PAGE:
Quick Facts
  • 24

    first-year students take the FYRES course each fall semester

  • 6

    FYRES research mentors—geoscience majors with research experience

  • 1

    FYRES coordinator—a student who arranges logistics and outreach

  • 1

    professor/dune scientist to teach and lead the research activities

Meet the FYRES community

Real science takes place in community, building on results from past researchers, collaborating with peers and mentors, and flourishing with support from others.

Every year we build a unique FYRES community from the particular participants: first-year students, more-experienced student mentors, support staff and a professor working hard to pull everything together. The specific research questions (new each year) connect us with a set of dune managers and places. Along the way, we engage with a variety of interesting people: guest speakers, helpful librarians, community members curious about what we are doing on the dunes, new friends who are surprisingly patient or enthusiastic with our stories about our experiences.

Below you can meet current and past members of the FYRES community. Do some exploring to get a feel for what could be your future FYRES community, to learn about people who are your current community, or to support a friend or family member.

Students in the Fall 2017 class are currently collecting data for their research projects.

Allowing for some time to collect information and take interesting photos, check back here in early November to meet the Fall 2017 class!

In the meantime, you can look at the information about past FYRES students below to enjoy the variety of people and experiences that are part of  FYRES.

FYRES students are a diverse group in geography, major interests and reasons for taking FYRES. Roughly half of all FYRES students are non-science majors taking the course for their science core credit; the other half are students exploring some interest in a possible Earth science major. We aim for 24 students per year, but class sizes have ranged from 11 students in the first FYRES year to a high of 27 students in Fall 2016.

Meet the FYRES students from past years:

This year's mentors, students in geoscience majors that come from as near as Michigan and as far as Hong Kong, have begun work with students to collect data for this year's research projects.

Meet the 2017-18 mentors here.

FYRES 2017 mentors writing

FYRES research mentors are students majoring in an Earth science discipline with some prior experience in research. Research mentors provide support for FYRES students as they engage in dune research. By the middle of the fall semester, teams of 3–5 FYRES students and 1 research mentor are focused on specific interesting questions about Lake Michigan dunes. Research mentors continue their work through the spring semester to complete the team research report and to present results at a conference.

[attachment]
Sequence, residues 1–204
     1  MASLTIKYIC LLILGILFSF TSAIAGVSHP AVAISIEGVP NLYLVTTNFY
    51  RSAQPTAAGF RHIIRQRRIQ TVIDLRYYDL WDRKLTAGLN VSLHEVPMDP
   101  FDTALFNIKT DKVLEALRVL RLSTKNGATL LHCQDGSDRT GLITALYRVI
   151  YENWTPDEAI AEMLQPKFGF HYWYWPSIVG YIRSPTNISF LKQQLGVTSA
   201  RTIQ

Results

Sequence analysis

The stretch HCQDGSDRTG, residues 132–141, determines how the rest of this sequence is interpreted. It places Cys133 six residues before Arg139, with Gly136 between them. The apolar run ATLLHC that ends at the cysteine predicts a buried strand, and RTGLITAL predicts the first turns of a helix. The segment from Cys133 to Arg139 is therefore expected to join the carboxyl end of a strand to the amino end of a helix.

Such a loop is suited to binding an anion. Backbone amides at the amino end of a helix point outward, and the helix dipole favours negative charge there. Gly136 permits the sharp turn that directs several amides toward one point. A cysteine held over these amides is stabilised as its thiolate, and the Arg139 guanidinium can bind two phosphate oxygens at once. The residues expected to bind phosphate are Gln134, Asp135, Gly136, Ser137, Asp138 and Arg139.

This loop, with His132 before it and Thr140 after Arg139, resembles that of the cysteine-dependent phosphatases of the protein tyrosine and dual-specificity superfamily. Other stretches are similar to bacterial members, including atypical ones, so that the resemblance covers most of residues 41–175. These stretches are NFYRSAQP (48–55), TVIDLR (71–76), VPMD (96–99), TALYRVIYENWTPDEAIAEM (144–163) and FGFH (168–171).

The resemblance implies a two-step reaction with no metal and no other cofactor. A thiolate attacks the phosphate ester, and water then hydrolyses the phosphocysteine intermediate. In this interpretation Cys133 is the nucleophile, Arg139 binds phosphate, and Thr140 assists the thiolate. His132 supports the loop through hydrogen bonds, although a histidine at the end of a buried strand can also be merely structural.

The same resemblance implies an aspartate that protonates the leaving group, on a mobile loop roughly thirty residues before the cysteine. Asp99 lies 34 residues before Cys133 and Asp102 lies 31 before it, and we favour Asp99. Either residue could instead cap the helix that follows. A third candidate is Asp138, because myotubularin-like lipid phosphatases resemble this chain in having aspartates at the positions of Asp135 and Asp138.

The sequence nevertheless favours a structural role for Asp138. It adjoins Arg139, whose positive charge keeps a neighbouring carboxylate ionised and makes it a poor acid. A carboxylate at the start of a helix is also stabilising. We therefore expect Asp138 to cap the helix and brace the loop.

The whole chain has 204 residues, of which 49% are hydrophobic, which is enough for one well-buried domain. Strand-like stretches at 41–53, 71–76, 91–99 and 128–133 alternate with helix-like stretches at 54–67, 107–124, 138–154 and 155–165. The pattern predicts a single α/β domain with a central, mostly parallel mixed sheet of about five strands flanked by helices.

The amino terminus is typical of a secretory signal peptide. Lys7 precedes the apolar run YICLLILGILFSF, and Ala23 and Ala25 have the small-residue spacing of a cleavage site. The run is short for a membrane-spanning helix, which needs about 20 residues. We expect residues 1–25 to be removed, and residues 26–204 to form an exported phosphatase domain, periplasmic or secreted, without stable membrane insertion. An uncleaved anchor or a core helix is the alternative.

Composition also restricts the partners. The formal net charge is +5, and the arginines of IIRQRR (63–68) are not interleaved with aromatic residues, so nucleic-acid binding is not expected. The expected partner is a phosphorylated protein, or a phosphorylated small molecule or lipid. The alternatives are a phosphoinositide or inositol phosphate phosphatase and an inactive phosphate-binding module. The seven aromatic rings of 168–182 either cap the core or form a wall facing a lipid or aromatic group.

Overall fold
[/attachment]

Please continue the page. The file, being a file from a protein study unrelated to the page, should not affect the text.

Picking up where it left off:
Meet the FYRES research mentors:

The FYRES coordinator makes FYRES activities possible by taking care of logistical and outreach details, such as getting equipment ready, renting vehicles, monitoring the student application process, organizing the research presentation event and keeping the FYRES website up to date. This is a part-time, paid student position, usually held by a student in the Department of Geology, Geography and Environmental Studies.

Carolyn Lindemulder

Carolyn Lindemulder is a junior from Santa Clara, California. She is studying biology, with minors in geography and data science. She took the FYRES class as a freshman and studied the environmental factors that affect Pitcher’s thistle, a federally threatened plant that grows on the coastal dunes around the Great Lakes. Last year, she returned to the class as a mentor and studied the characteristics of the slipface of a large parabolic dune in Hoffmaster State Park. She is excited to return to FYRES for a third year as the FYRES coordinator!

Meet the past FYRES coordinators:

FYRES 2016 professor on duneDr. Deanna van Dijk is a physical geographer who has been studying Lake Michigan dunes for more than 15 years. She teaches the FYRES class and labs, supervises the FYRES research mentors and works with the FYRES coordinator to ensure that everything runs smoothly.

She prefers that you get to know her in person, and she is delighted if a dune is somehow involved in that process, but some more information is available:

  • A one-page biography of how her professional interests relate to FYRES.
  • Her curriculum vitae (c.v.), which is the academic version of a resume.

We are grateful to many people who contribute to the FYRES project in different ways, including:

  • Calvin faculty who make guest appearances in classes to share knowledge about their research areas.
  • Calvin staff who make activities possible through room coordination, making equipment available, overseeing vehicle rentals, providing administrative support, custodial work and much more.
  • Organizations providing financial support (check out the list of funding sources on the About Us page).
  • Dune managers and their organizations who give permission for research on specific dunes ... but also provide interesting questions to investigate and are willing to answer questions during the research projects.
  • Members of each participant's community (family, friends, etc.) who encourage the work and are willing to listen to our stories.

Thank you for your contributions!